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Following Jesus is Quite a Work Out

Do you work out? Personally, I like to run. Going out with my dog Austin and jogging a few miles is a great way to keep in shape, brighten my mood, and wear the dog out so that he’s mellow and napping while I do my work.

Running is really good for me, but I don’t always feel like doing it, especially when the weather outside is either frigid or roasting. I don’t have time today, I think to myself. I just don’t have the energy. The best thing I can do is get out there anyway.

I’ve learned over the years that what I think I want is often not what I actually need. If I’m telling myself I don’t have the time, energy, or inclination to go running, that usually means that I need to exercise more than ever! If I get out there and put in my time on the road, I feel so much better. The exercise produces the energy I didn’t think I had.

The kingdom of God is like that. At first glance, the way of Jesus can seem like a big distraction, a giant detour from the life I’ve planned out for myself. I’ve got my own priorities, which I expect will make me happy, healthy, and successful. I want life, liberty, and the pursuit of happiness!

The only problem is, neither liberty nor happiness are outcomes that I can produce. In contrast to the claims of the Declaration of Independence, the gospel is not a promise of happiness. The good news of Jesus is rooted in the abandonment of my own desires, and the embrace of service to others.

The way of the kingdom is the chance to be a community of people in recovery, practicing repentance and inviting Christ’s love into the world through our broken lives. The good news is not merely happiness for me; it is an invitation to discover a life of profound fulfillment as we participate in healing the world.

The gospel of Jesus is a profoundly other-centered way of relating to the world, one which loves first and asks questions later. In contrast to the popular gospel of happiness, the good news of the kingdom means surrendering my own desires in order to be faithful to God’s loving intention for the cosmos. It means accepting this intention, living by it, even when I really have no idea where this path leads.

This can be a hard sell. I’ve spent my entire life in a culture that presents personal satisfaction – happiness – as the highest good. Have it your way is an enticing motto, but ultimately a deceiving one. As many others have discovered, the more I eat of this Burger King gospel, the emptier I feel. When I seek to fulfill my own desire above all else, I find that desire has no end. The hunger becomes insatiable.

In contrast to the unrelenting hunger of self-will, in Jesus I discover point of reference beyond myself who is faithful and true – a master who is more beautiful and loving than my own whims and desires.

I’m presented with a choice: Who or what will be my master? Will I serve the loving intelligence who creates and sustains the cosmos? Or will I bind myself to systems of reward and punishment – the carrot and stick of human motivation?

In spite of everything I have learned, I’m still tempted to choose my own restless hunger over the nourishment of Christ’s kingdom. The false gospels of our culture continue to lure me in, because they offer the illusion of control, predictability, safety. I can pretend that I am in charge.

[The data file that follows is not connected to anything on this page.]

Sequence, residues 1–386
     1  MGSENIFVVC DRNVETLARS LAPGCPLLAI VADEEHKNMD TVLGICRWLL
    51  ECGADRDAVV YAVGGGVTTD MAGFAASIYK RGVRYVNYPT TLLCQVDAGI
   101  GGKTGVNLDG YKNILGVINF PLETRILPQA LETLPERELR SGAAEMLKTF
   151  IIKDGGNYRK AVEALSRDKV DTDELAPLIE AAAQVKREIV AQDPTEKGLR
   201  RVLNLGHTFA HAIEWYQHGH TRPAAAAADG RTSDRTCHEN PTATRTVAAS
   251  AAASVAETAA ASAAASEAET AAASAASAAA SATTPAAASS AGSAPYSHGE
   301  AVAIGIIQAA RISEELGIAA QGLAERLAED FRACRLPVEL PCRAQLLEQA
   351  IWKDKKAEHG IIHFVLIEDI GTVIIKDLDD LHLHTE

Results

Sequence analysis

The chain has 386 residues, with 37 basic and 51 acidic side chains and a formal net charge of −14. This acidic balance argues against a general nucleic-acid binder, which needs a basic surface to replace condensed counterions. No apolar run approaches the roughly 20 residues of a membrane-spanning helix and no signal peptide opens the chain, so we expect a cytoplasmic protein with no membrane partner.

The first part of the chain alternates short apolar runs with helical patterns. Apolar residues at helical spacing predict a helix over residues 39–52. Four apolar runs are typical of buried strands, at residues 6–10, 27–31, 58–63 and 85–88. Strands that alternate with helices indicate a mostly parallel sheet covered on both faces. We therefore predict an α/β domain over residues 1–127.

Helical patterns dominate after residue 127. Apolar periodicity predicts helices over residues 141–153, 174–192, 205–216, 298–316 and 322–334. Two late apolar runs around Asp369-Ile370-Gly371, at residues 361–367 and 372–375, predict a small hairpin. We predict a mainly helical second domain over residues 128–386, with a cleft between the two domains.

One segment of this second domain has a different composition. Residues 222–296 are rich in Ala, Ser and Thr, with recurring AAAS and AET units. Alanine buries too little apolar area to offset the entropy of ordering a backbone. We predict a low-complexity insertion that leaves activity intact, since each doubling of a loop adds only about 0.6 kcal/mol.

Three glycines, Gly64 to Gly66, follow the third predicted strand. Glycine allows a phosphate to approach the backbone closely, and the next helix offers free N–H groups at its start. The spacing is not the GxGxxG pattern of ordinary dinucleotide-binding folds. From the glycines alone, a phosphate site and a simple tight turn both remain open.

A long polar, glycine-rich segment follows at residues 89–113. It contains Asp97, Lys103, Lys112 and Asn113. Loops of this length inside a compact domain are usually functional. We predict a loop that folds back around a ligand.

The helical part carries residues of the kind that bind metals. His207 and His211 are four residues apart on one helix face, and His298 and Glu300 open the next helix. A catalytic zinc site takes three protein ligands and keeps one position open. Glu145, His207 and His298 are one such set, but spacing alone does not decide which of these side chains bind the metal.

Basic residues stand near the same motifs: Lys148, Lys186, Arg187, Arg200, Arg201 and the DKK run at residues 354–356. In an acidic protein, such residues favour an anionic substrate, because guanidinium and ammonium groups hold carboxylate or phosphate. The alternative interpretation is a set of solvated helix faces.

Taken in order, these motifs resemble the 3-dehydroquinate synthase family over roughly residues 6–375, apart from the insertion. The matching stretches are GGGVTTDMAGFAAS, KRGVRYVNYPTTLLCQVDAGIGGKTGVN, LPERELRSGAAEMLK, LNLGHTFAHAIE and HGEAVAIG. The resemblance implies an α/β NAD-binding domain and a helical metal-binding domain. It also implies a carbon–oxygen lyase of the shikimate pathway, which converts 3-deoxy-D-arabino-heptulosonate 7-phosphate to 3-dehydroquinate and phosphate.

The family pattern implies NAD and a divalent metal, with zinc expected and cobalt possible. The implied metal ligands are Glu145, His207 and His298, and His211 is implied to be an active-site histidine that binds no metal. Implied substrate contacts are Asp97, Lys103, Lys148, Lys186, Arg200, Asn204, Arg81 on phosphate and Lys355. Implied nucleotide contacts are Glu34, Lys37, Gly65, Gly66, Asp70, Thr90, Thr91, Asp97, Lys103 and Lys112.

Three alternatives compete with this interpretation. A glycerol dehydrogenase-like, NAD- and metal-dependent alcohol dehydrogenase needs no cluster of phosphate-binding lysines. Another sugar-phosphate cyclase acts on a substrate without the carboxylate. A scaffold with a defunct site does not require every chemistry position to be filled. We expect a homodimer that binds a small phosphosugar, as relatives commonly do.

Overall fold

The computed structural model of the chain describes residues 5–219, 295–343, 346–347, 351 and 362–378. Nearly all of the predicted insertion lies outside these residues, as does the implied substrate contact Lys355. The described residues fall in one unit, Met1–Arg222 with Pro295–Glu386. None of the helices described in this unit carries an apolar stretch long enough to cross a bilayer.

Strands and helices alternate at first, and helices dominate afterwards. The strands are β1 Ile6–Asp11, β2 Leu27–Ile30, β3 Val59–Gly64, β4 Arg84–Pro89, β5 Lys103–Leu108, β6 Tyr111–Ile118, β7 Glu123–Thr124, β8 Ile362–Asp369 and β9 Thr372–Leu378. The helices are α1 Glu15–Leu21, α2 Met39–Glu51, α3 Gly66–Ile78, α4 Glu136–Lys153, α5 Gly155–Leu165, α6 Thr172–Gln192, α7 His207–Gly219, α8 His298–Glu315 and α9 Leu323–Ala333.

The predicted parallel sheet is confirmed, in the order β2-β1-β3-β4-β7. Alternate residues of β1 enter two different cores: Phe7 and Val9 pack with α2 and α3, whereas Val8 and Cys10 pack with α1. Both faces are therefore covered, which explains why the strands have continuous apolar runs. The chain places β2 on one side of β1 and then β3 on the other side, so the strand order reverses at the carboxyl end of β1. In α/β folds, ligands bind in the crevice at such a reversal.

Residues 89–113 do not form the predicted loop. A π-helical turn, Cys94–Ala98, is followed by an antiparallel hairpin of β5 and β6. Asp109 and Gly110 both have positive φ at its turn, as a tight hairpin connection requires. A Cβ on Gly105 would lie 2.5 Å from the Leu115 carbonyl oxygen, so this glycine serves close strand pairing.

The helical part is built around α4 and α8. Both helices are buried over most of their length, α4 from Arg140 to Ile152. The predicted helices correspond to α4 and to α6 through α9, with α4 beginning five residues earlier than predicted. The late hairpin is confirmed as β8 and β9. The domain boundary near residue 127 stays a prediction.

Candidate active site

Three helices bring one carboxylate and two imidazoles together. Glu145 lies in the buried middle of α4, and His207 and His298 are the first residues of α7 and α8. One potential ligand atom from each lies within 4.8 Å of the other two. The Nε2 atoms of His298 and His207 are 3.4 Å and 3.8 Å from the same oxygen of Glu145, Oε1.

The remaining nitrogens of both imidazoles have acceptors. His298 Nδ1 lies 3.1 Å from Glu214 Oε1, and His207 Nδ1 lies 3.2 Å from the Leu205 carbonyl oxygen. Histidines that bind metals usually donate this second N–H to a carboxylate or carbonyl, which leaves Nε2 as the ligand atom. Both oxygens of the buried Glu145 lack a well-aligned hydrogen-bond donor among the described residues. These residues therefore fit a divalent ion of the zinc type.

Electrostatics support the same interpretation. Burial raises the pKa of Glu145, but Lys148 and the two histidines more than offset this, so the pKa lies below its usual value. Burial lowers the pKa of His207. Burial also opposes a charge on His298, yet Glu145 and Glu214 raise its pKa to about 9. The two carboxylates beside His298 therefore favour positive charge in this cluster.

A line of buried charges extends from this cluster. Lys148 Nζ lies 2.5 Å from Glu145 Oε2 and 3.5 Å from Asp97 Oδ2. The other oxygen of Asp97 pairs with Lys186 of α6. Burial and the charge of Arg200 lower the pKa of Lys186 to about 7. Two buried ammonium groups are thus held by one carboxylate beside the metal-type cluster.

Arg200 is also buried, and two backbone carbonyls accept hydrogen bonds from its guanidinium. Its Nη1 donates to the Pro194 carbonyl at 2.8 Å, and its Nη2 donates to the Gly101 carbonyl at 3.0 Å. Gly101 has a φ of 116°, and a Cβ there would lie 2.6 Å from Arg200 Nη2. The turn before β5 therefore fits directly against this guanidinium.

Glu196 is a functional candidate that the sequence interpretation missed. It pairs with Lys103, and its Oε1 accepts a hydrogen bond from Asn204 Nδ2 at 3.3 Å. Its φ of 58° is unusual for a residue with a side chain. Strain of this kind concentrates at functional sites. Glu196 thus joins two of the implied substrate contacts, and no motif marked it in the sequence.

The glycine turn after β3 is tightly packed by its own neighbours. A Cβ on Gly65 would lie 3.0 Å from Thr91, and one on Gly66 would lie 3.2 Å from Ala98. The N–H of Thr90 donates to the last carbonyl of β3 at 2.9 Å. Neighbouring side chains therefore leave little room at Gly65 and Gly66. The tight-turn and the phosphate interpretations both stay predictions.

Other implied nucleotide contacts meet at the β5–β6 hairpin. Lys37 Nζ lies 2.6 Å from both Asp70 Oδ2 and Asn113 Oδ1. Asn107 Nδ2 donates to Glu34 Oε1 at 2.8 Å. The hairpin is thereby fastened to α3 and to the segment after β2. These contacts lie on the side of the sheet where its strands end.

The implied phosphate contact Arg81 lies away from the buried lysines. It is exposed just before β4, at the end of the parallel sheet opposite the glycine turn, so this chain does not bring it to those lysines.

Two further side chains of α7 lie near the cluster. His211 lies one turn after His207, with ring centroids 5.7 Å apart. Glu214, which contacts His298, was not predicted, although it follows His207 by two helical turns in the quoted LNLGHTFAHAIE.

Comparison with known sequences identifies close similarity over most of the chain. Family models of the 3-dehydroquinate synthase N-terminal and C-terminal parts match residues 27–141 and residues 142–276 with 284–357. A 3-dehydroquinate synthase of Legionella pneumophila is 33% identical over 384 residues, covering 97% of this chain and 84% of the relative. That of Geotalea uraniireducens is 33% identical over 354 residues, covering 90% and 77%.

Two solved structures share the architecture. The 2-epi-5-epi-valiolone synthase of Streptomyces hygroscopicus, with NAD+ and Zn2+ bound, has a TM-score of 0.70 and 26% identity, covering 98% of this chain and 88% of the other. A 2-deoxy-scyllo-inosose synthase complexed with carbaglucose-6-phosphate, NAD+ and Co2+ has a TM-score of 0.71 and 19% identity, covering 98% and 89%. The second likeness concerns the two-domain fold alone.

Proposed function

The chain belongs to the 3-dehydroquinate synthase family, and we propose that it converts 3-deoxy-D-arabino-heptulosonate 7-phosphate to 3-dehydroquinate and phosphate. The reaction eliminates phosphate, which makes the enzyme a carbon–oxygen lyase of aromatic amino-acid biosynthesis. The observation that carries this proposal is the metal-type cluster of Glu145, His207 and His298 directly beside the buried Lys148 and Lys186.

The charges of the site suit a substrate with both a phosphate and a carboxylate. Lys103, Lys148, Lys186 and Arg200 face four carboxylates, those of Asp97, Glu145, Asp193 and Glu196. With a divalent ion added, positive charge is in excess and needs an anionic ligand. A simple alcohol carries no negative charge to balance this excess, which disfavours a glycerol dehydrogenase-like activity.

One hallmark of God’s presence and power is that he offers no guaranteed outcomes – only love, and the promise that all things will be made new. Jesus offers me a vision of a world transformed, a living alternative to the deadness of the status quo. But I have to admit that I’m not running the show.

Despite the challenge to my ego, I am convinced that this gospel is worth embracing. It’s good news precisely because it does not give me what I think I want – prosperity, security, and comfort in the eyes of the world. Instead, it is the hard decision to go running in the midst of winter. I push myself out the front door, not because I love the cold, discomfort, or interruption of my daily routine, but because I trust that there is fulfillment that lies on the other side of sacrifice.

How about you? Are you ready to suit up?

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  • Yelena Tower

    Yes! Thank you for this reminder and inspiration.

  • Duncan Pugh

    You are spot on about self-motivation … I usually do some visualisation of a certain point on my bike ride and think about how good I’ll feel when I’m there or say to myself just take it easy, or you don’t need to go far but after about a mile I usually can’t resist trying to beat my Strava PRs and/or make the ride longer.

    On Sunday I nearly went to my local Quaker meeting but it was raining and I insist on walking everywhere … but maybe I didn’t go really because I just thought I’d feel uncomfortable … much easier to hide in the pews and the rest of the congregation at the Catholic Cathedral?

    • Yeah, I often find it helps my discernment to simply observe what I actually *do*, regardless of what I think I should be doing. Also, what gives me energy or wears me down, versus what I think I should have energy for.

    • barbara.hrrsn@gmail.com

      MOST Friends haven’t bitten anyone in years: just saying…

      • Duncan Pugh

        I’m not afraid of being bitten it’s just that in my experience the chat after the meeting is great … but the meeting itself can feel uncomfortable if you’re new.

        • barbara.hrrsn@gmail.com

          There is a REASON that it is properly the “discipline of expectant waiting”. I’ve been doing it for more than 40 years and find those times when I am thinking it is comfortable are those times when I am just about to fall asleep…